In my recent review of Gigantes Planetarios, I characterized that film as being a departure from the typical Mexican sci-fi films of its era, my point being that the typical Mexican sci-fi films of its era were incorrigibly good natured and horny. Instead, Gigantes Planetarios was a fairly straight-faced space opera, with a ladling on of good ol’ Cold War anxiety for added frisson, and with little of the cheesecake and burlesque antics common to its peers. To make up for this lapse, the makers of the film’s rapidly following sequel, Planeta de las Mujeres Invasoras, made that film’s cast top heavy with a virtual who’s who of Mexican B movie bombshells.
Chief among these bombshells is former Miss Mexico Lorena Velazquez, who had a lengthy run as Mexican genre cinema’s leading lady of choice, meaning that she played opposite Santo on more than a few occasions. She was also one of the titular stars of the first three Las Luchadoras films, the only female driven series in the lucha genre. Starring alongside Velazquez in those films was American actress Elizabeth Campbell, who also appears here. Campbell was no slouch herself when it came to racking up an impressive slate of appearances in Mexican pulp productions, and even continued on in the Las Luchadoras series after Velazquez’s departure, making the loopy Las Mujeres Panteras in 1966. And last but not least, we have Italian beauty Maura Monti, whom you’re probably already sick of me going on and on about.
Alongside this top billed trio we see returning to Planeta all of the major players, both in front of and behind the camera, from Gigantes Planetarios, including prolific, German born director Alfredo B. Crevenna. And along with them come many of the costumes, props, sets, locations and special effects from Gigantes Planetarios. All of this suggests the possibility that the two films were filmed back to back, a practice that was not uncommon in the Mexican film industry of the day -- not to mention a specialty of Crevenna’s, who boasted of having a system that allowed him to complete four films in just eight weeks.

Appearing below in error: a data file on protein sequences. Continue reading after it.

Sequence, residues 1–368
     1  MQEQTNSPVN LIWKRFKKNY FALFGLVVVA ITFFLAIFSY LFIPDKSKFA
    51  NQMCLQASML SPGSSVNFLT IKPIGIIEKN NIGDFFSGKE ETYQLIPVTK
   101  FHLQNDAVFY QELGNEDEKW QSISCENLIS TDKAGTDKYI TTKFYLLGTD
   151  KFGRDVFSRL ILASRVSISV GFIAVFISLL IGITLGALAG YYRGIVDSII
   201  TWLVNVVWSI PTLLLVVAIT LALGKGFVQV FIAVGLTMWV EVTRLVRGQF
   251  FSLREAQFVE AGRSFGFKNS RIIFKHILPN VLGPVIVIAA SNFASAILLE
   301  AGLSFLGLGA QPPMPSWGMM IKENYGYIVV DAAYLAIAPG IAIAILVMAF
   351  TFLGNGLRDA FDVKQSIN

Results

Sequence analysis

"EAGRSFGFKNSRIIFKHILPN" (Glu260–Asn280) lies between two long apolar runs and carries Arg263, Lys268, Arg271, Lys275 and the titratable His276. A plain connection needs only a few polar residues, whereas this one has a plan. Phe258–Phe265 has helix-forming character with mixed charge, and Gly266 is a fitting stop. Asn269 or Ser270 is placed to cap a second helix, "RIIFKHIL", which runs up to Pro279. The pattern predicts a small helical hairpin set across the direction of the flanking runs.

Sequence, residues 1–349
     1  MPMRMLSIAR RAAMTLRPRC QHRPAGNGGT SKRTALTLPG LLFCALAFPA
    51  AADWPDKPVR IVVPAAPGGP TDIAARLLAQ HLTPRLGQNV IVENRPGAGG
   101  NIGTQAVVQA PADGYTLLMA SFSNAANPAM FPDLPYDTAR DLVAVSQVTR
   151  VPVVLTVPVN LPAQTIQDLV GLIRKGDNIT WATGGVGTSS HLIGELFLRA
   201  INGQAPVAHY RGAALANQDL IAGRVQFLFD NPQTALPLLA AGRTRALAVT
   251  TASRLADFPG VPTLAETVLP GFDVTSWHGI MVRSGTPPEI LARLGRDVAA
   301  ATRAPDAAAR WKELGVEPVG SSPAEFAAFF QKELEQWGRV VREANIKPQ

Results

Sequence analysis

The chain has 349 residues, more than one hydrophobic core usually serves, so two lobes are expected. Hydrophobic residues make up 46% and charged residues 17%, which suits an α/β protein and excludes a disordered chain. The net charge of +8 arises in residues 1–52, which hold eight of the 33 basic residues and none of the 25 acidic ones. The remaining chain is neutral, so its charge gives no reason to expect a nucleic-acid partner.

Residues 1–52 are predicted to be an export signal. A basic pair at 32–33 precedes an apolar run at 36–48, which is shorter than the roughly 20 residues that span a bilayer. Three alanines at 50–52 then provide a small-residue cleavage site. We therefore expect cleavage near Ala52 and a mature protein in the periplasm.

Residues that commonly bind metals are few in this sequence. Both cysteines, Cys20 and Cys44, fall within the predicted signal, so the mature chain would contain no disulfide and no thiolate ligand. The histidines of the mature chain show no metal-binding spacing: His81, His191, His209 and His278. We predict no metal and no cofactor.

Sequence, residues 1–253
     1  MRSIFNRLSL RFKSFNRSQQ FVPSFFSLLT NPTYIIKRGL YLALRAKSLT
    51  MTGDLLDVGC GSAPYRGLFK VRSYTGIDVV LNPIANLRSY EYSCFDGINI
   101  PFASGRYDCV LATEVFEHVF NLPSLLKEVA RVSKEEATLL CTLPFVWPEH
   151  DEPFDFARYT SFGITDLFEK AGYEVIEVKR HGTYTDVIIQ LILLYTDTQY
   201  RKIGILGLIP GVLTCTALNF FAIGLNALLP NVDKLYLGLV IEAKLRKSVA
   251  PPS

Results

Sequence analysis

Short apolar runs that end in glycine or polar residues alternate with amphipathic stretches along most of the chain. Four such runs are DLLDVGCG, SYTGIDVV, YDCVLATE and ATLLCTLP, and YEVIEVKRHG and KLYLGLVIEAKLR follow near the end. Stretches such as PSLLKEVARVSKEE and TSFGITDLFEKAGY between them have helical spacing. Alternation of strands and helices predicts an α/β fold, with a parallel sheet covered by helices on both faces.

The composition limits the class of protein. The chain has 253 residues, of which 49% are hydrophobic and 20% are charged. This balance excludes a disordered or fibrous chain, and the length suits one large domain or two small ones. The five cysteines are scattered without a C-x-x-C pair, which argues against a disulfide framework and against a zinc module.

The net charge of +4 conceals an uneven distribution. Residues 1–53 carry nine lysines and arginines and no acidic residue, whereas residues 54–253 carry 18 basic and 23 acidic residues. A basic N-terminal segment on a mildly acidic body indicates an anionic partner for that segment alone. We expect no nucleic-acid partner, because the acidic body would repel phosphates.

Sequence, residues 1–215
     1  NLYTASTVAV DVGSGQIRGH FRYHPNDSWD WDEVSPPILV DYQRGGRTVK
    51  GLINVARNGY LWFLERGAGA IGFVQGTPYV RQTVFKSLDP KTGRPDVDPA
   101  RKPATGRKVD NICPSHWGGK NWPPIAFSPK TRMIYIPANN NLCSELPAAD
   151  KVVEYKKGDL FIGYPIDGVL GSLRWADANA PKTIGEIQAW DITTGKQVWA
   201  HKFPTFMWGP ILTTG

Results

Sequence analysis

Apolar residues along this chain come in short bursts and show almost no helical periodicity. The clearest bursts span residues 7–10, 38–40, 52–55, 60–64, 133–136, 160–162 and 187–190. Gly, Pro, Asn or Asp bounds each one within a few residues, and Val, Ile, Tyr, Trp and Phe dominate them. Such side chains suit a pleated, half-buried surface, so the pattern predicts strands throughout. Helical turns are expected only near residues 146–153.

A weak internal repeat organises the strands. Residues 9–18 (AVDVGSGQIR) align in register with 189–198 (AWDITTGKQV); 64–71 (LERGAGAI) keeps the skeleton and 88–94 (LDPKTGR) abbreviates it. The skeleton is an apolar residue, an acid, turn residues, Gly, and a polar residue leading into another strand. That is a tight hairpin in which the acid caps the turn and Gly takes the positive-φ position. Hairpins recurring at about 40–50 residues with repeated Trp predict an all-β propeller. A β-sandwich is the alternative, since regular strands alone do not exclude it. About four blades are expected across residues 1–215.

The first act of Planeta catches us up with our band of intrepid space travelers from the first film, which includes fearless scientist Daniel Wolf (Guillermo Murray), his faithful secretary Silvia (Adriana Roel), the prizefighter Marco (Rogelio Guerra), and Taquito, Marco’s manager (played by Jose Angel Espinosa, whose quotation mark bracketed nickname, “Ferrusquilla”, in the grand Mexican movie tradition, sounds a grave warning of comic relief hijinks to come). As we join them, Marco is trying to restart his fight career on a clean slate, and has promised Silvia that he won’t throw his upcoming fight as he has been known to do in the past. Marco stays true to his word, but, unknown to Silvia, he has accepted a payoff in exchange for taking a dive, which means that, in winning the fight, he has crossed the two bumbling mobsters who paid him.
Those mobsters catch up with Marco the next night, when he is out on a date with Silvia at an amusement park, aboard a flying saucer shaped “Trip to the Moon” ride. (In a nice bit of self referential humor, Silvia at first playfully objects to going on the ride, calling it “childish”, and adding, “They simulate the Moon with painted backdrops”.) Little do Marco, Silvia, the thugs, and the assembled other passengers realize, but the ride has been substituted for by an actual flying saucer piloted by the sexy space ladies Martesia (Campbell) and Eritrea (Monti), a ruse that makes it that much easier for the two to whisk these unsuspecting Earthlings to their home planet.